The scale of pupils’ learning loss has hugely concerned teachers, parents and politicians alike following school closures due to Covid-19. Staff across the country have worked hard to help children settle back into class and catch up where they’ve fallen behind now that face-to-face lessons have resumed.
An Education Endowment Foundation report published earlier this month suggests this remains challenging. The attainment gap between poorer primary school pupils and their more affluent peers has grown in maths by an extra month since the start of the pandemic.
And in the private sector, families remain fearful about potential learning loss. Just over half (52 per cent) of parents and grandparents surveyed by the Independent Association of Prep Schools (IAPS) believe their child or grandchild has fallen behind since the first lockdown. Its recent poll of more than 1,000 parents and grandparents of three to 13-year-olds in the UK, suggests that 44 per cent have invested more money in the education of their child or grandchild in the last 12 months. Amongst these, nearly one in four (23 per cent) said they have paid for professional tutoring.
However, Christopher King, chief executive of IAPS, believes there has been a “significant” and “widespread” shift since the early days of the first lockdown, away from concern about keeping up with the curriculum, towards a focus on children’s general well-being. Many youngsters are having to relearn social skills at school such as how to play nicely with classmates, take turns and co-operate in a group.
Mr King said: ‘I think there’s been perhaps more of a deficit in learning skills experience than actually knowledge acquisition. Online learning has gone very well in our schools but it’s very difficult to replicate things like teamwork, co-operating with your peers, tolerance, and being around other people of the same age and those that are older and younger.’
State primaries and private prep schools are attempting to get the balance right between ensuring youngsters reach the correct level of academic attainment – and simply giving them ample opportunities to play again.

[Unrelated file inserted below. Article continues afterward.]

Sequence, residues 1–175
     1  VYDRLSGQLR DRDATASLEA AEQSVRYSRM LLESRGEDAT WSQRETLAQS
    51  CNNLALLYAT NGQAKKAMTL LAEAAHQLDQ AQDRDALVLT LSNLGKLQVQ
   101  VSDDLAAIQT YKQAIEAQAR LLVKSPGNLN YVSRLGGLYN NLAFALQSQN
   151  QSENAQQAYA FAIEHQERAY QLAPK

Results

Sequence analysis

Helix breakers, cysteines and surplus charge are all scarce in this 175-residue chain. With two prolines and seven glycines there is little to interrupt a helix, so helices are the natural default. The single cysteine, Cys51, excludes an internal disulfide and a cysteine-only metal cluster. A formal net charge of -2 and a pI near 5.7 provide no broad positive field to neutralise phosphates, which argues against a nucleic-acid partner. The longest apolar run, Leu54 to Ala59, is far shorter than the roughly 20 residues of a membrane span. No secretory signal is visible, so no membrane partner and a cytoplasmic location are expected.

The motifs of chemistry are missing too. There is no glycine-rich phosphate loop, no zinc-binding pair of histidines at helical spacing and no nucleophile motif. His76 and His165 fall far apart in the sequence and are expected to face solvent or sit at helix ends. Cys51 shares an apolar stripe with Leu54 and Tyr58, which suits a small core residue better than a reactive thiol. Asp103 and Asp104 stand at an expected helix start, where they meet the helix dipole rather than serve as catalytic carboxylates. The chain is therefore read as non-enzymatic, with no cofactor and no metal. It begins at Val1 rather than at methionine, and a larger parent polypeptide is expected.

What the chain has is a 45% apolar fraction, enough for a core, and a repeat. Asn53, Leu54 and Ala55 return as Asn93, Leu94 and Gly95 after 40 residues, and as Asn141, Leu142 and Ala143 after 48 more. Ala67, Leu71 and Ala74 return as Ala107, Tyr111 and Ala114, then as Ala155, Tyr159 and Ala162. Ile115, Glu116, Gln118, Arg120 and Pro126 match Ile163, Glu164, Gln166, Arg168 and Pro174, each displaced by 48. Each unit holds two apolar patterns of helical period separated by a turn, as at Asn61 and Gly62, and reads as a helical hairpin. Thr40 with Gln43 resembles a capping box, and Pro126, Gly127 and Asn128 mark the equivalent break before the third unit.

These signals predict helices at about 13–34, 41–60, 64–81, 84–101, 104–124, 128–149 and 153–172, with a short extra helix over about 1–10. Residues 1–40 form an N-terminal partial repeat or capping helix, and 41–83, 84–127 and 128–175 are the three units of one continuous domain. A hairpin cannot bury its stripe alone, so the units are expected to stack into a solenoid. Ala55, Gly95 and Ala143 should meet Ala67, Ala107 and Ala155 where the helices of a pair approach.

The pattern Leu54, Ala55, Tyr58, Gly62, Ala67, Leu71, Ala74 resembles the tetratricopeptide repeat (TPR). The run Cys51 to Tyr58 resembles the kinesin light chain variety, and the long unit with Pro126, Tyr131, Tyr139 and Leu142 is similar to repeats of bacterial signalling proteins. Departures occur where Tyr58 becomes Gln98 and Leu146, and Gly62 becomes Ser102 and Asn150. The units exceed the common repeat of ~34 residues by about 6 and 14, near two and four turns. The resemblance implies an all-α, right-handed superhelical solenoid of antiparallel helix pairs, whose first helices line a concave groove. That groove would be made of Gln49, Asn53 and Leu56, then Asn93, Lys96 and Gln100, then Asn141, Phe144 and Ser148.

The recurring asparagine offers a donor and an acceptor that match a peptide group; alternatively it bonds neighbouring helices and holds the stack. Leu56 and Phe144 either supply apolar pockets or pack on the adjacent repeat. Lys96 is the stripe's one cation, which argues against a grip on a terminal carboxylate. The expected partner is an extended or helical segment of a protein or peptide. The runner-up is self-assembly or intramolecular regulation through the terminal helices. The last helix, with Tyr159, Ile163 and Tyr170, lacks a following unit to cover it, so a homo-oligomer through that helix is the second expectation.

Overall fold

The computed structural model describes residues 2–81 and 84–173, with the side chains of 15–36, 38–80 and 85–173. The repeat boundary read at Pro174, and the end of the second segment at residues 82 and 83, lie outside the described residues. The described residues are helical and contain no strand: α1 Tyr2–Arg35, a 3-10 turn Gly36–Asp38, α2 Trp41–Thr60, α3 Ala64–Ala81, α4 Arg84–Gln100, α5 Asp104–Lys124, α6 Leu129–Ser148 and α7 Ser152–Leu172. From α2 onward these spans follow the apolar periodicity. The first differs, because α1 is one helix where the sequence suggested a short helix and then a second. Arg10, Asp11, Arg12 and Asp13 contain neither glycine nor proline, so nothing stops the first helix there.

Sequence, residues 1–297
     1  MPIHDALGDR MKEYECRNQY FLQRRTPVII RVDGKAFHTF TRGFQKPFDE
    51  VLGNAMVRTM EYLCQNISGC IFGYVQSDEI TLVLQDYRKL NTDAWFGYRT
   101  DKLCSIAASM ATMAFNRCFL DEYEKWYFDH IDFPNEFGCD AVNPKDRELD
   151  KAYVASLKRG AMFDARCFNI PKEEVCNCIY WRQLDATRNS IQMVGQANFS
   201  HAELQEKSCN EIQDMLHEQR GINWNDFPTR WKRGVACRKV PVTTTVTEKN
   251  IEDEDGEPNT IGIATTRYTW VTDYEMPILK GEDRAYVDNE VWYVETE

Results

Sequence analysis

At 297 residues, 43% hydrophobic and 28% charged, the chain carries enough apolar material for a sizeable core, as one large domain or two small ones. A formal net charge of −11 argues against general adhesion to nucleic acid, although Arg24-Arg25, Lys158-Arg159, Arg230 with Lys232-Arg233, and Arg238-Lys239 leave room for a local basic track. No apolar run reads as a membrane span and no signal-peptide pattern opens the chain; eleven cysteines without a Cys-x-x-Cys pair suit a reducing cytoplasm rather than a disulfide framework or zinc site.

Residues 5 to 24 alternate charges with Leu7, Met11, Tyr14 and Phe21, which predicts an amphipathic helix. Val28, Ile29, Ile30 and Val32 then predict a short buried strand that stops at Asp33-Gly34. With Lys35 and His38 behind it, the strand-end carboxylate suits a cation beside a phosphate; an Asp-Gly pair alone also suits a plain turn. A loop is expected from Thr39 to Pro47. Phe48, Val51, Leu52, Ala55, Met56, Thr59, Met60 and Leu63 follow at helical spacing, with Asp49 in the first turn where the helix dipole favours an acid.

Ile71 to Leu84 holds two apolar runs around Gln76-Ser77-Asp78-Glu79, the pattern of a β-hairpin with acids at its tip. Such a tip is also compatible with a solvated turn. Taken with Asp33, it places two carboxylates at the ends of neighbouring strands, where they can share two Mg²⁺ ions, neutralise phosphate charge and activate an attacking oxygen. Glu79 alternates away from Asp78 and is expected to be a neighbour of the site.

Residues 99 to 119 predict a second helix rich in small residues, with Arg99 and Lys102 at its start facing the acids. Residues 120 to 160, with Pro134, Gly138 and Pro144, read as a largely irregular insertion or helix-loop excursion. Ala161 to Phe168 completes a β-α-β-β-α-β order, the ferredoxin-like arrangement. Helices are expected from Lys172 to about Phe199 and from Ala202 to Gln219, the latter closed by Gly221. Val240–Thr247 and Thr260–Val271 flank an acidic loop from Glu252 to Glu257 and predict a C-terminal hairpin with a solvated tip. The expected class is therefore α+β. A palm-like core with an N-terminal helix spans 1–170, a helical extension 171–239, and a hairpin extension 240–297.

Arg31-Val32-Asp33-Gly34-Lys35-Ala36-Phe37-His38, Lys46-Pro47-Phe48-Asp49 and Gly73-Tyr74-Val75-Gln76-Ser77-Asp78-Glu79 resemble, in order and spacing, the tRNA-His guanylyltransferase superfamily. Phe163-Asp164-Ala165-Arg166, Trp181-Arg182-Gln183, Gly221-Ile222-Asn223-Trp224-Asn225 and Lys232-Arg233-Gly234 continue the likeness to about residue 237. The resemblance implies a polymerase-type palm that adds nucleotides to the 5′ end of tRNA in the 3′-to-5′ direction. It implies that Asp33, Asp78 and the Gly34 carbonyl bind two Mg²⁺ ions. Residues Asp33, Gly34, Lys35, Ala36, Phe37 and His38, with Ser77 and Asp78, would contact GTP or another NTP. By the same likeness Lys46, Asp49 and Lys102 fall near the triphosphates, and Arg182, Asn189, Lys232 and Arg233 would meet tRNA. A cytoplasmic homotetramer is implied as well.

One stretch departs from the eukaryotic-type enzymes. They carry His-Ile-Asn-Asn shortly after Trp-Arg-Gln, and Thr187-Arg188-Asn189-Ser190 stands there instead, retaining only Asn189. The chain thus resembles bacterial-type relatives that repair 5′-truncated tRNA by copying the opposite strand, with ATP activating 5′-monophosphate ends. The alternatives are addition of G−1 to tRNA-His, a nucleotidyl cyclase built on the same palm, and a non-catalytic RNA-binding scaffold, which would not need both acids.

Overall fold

Playtime at school has never been more important as youngsters may have reduced chances for activities at home. The British Children’s Play Survey recently revealed that young children are typically not allowed to play outside on their own until the age of 11 – two years later than their parents’ generation.
Mr King says there is a current “emphasis” and “priority’ among IAPS schools in terms of giving children “a bit more space to build their own individual and collective self-confidence”.
Only time will tell what the long-term effects of the pandemic have been on children’s social skills, mental health and well-being – as well as their academic studies. In the meantime, the IAPS will shortly launch a major research project into well-being to identify the scale of the issue and what support is needed for pupils and also teachers. Hopefully, this will reassure parents – and help pupils who have suffered during the past 12 months get back on the road to recovery.
Sarah Harris is a freelance education journalist who regularly writes for the national press. She is a former education correspondent at the Daily Mail.
(Photo credit: Brambletye School)